It is difficult to believe that five weeks have passed since the start of the Summer term. We are well and truly in the examination season and this can be a hugely stressful time for children, teachers and indeed parents too! I know that examinations, testing and assessment can truly divide educational opinion but at present it is the universally accepted measurement of knowledge and attainment in academic subjects.
Examinations however should not just be a test of how well you can revise or learn information; they should also assess the application of knowledge and understanding too. Exams also test hidden skills such as concentration, self-discipline, resilience and commitment – there may be no marks allocated directly to these qualities but they underpin the learning process.
Last week was an emotional time for our Upper Sixth girls as they ‘stood down’ to take their A Level examinations before leaving Saint Martin’s to move on to higher education and the world of work. As we wish them well I would like to thank Niamh, Rosie and Samantha and the Senior Prefect Team for their hard work, loyalty and contribution to school life. I have no doubt that these girls will become successful leaders in the future.
We have just appointed our Head Girl Team and Senior Prefects for next year. Our Head Girl for 2015/2016 is Emma Tegg who will be assisted by her Deputies Sara Western and Amy Wevill. Many congratulations to these young women especially as the field of applicants was large and very strong indeed. All candidates had to write a letter of application and lead an assembly before the staff and sixth form vote. I was so impressed with every candidate and commend their resilience and confidence in applying for these positions. Those appointed act as role models and leaders of Saint Martin’s and I am looking forward to working with them next year.
Many of our younger girls have also displayed commitment, determination, resilience and confidence this term. Girls in Alice House and Junior School entered a competition organized by Jaguar Land Rover to design a vehicle for 2050. Their efforts were rewarded in a special assembly as many of them were awarded certificates and prizes. Our Year 10 “Young Enterprise” team, Aspiro, triumphed at the local heats winning “Best Company Report” and “Best Company”. Their achievements continued in the regional final. Despite facing fierce competition, the girls gave an outstanding presentation to judges. The team were awarded the “Finance” award and Isabella Nicholson was recognised for her fantastic work as Managing Director winning the “MD Recognition” Award.
Election fever was evident in Alice House and Junior School as Year 3 entered into the election spirit presenting their political manifestos which highlighted issues such as health, the environment, animal welfare, poverty and the cost of tuition fees. The girls have gained an invaluable insight into the world of politics and are looking forward to the next but one General Election when they can vote. Congratulations girls and well done to everyone in Year 3 especially “The Blues” who had a resounding victory.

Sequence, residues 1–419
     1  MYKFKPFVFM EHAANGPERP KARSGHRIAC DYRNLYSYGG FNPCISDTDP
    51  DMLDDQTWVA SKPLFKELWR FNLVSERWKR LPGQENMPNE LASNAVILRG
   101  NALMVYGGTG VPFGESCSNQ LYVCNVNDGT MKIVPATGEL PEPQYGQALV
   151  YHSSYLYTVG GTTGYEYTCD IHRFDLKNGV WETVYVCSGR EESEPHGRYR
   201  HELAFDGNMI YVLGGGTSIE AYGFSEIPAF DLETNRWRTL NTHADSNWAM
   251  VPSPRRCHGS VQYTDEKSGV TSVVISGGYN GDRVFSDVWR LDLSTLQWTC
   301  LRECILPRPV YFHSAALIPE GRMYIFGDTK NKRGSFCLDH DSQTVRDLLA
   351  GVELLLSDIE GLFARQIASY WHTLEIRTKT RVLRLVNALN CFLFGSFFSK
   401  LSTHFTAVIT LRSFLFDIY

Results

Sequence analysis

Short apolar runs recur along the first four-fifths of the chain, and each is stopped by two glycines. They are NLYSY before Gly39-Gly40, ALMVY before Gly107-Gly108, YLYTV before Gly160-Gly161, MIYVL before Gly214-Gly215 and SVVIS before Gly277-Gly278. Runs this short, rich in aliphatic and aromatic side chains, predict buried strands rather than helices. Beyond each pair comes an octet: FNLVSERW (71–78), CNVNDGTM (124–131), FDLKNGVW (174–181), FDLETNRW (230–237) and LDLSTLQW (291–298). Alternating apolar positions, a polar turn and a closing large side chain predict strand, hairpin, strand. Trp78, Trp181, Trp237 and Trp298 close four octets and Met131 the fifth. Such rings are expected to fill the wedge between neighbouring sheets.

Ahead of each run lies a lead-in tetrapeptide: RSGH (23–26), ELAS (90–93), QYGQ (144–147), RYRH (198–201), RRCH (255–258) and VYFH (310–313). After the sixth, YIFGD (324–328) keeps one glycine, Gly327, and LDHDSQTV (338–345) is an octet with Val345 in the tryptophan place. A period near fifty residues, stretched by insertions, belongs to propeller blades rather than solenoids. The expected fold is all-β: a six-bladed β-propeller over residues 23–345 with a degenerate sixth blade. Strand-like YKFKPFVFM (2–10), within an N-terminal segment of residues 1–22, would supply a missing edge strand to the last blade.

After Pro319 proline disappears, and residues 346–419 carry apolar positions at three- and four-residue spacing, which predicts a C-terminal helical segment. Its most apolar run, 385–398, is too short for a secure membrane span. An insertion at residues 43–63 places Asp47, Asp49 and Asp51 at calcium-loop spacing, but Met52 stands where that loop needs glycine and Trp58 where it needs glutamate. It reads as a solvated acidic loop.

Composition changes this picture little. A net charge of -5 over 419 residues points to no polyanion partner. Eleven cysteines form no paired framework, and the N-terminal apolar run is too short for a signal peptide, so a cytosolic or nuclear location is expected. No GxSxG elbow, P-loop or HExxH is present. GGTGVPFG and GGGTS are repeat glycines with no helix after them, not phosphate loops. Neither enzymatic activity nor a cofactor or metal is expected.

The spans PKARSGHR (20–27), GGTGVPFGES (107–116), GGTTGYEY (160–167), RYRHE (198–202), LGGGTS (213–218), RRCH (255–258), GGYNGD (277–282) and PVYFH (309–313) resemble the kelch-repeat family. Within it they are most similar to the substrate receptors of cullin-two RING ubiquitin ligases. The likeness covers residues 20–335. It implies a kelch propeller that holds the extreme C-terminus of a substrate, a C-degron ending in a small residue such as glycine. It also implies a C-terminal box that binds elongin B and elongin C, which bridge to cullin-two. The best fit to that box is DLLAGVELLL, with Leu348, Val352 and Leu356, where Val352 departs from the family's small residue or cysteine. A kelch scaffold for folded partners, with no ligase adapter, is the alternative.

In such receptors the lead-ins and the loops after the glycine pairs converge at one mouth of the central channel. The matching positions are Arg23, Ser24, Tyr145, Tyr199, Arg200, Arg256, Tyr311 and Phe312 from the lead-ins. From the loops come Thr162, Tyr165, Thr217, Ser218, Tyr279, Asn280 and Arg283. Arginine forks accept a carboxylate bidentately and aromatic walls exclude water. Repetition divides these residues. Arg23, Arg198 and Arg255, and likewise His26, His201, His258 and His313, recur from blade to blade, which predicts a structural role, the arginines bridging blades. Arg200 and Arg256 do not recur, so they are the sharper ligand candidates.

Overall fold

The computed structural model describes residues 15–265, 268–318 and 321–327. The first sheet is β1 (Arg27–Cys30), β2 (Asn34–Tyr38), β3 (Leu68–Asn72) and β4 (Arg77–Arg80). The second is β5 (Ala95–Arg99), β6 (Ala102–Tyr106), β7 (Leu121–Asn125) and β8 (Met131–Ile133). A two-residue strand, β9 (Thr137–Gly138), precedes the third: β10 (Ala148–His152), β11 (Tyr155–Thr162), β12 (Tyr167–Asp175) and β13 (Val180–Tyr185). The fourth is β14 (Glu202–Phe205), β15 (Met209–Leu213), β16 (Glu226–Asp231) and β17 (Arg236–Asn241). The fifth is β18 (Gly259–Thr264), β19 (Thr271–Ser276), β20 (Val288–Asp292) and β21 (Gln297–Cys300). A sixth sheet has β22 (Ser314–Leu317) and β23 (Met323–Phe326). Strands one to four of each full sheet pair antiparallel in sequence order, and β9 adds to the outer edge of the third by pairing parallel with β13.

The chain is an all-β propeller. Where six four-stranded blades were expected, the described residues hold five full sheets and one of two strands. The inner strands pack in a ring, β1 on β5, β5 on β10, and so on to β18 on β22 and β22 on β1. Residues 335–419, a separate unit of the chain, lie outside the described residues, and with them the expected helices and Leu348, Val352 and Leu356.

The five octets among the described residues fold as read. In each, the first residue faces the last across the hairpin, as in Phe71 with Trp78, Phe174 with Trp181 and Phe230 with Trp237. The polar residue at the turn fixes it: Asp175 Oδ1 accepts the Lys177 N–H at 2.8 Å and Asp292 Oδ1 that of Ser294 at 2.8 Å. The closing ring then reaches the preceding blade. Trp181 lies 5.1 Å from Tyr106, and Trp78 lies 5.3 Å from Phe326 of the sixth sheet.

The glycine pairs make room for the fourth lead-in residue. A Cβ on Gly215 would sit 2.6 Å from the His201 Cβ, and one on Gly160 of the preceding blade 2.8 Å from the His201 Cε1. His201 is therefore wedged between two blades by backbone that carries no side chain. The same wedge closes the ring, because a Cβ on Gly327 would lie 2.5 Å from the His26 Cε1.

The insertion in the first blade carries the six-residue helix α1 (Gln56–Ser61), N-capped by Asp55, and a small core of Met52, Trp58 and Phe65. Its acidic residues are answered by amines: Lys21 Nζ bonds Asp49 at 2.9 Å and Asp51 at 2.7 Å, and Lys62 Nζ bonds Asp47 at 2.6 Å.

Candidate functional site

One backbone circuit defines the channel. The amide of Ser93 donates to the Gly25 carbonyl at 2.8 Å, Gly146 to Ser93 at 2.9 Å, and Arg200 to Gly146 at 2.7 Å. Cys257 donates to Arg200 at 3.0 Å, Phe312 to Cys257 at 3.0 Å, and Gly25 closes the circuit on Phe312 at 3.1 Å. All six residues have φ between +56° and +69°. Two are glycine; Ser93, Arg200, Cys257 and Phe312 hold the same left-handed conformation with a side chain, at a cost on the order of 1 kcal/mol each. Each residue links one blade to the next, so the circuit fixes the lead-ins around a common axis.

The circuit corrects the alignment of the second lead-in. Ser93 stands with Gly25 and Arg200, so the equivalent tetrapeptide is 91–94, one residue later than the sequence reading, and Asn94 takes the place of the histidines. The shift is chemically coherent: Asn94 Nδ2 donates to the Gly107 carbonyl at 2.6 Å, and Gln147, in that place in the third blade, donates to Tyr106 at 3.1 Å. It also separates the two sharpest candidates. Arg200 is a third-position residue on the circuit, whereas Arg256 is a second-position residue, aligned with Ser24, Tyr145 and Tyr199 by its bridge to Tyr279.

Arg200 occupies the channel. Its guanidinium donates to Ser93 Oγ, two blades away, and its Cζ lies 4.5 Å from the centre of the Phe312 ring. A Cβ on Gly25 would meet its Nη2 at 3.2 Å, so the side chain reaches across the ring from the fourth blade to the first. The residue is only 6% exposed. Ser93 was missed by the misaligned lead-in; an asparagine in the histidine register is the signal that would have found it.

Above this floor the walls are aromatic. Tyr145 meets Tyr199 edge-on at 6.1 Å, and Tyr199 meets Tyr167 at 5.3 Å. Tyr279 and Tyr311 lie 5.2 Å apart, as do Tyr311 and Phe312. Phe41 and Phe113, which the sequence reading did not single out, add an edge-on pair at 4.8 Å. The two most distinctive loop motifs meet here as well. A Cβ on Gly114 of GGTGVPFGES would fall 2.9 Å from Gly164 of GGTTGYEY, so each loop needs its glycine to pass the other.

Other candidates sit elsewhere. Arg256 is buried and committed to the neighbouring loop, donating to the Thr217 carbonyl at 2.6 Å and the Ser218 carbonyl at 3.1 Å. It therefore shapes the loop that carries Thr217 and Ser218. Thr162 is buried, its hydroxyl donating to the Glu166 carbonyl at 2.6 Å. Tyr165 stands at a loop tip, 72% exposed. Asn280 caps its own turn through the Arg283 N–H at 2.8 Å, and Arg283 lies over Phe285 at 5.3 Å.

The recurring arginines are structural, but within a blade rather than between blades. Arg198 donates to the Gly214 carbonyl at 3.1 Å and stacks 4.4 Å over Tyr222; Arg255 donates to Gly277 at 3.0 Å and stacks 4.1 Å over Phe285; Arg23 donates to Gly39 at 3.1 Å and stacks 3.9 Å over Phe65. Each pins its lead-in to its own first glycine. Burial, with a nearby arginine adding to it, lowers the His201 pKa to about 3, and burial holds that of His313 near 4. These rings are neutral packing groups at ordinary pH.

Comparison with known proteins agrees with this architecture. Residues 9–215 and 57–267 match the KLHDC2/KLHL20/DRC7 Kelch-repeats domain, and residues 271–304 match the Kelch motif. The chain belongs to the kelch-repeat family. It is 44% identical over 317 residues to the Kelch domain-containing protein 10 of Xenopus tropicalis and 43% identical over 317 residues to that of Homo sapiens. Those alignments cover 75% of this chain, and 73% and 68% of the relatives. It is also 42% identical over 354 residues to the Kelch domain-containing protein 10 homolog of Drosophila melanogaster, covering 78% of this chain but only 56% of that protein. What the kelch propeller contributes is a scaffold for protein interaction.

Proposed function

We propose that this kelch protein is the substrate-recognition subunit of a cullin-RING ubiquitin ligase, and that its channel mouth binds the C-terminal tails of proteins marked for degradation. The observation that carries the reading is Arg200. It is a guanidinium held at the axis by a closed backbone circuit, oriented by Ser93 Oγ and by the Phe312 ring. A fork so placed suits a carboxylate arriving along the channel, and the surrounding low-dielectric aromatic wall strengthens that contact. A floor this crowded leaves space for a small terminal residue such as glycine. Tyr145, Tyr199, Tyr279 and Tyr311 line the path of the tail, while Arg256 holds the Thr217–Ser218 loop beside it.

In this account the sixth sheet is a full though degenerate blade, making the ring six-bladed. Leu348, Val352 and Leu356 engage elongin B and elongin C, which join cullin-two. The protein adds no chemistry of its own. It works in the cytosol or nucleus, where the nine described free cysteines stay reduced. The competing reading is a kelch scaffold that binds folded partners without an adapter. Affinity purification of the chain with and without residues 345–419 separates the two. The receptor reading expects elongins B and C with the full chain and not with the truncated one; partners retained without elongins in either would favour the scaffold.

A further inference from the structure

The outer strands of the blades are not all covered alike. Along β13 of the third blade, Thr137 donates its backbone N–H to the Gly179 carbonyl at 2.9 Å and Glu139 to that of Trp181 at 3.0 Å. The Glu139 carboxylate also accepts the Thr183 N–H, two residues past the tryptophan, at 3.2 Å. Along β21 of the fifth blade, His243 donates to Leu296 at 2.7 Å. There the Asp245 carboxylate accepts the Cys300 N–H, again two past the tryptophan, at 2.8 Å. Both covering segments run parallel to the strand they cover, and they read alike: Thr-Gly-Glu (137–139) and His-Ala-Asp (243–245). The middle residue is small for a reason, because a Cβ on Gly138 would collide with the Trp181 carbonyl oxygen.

Saint Martin’s girls have shown huge amounts of generosity to our partner school Annal Jyoti in Kathmandu, Nepal. In response to the devastating earthquakes the girls have been raising funds for the International Nepal Fellowship. Year 7 girls have organized a cake sale, Alice House and Junior School girls have worn silly socks and odd shoes to school. Even our Senior School staff are getting involved – if the girls raise enough money we have pledged to come to school dressed in Saint Martin’s uniform. Let’s see if I need to visit the school uniform shop!
Saint Martin’s is proud to support other international charities. As I write, “old” computer equipment should be arriving in Malawi and Zambia. This wonderful charity initiative has been coordinated by our ICT Network Manager, Mr Peter Carlson and the charity “I.T. Schools Africa”.
Returning to the theme of examinations and success, ultimately an individual’s personal success will reflect their effort and endeavour, so therefore we should not be afraid of failing but embrace the challenge with determination. At Saint Martin’s we provide an enabling supportive environment and the educational expertise to facilitate success. During the late 1980’s and early 1990’s the idea that “winners and losers” in school was damaging children’s self-esteem became a popular concept that has since been proven wrong. The Canadian author Paul Tough in his book “Whatever it takes” highlights the importance of failure as a key character building tool. In the book he says, “If we do not let our children fail – from the bumps and knocks of the first few years, to losing childhood games and sporting events – they will not develop strong enough “characters” to survive later on in life.”
I would actively encourage staff and parents to allow girls to fail (when appropriate!). I would go as far as to say celebrate when they get it wrong. Praise them for trying and not succeeding. “Losing” can be painful, but it is important to allow girls to express those feelings and work through them. Avoid making excuses for perceived failing. Instead encourage girls to identify what they have learnt from the experience.
When faced with a difficult challenge we should remember the following:
‘Our greatest weakness lies in giving up. The most certain way to succeed is always to try just one more time.’
‘The three great essentials to achieve anything worthwhile are: hard work, stick-to-it-iv-ness and common sense. (Thomas A. Edison)
Have a lovely half term holiday!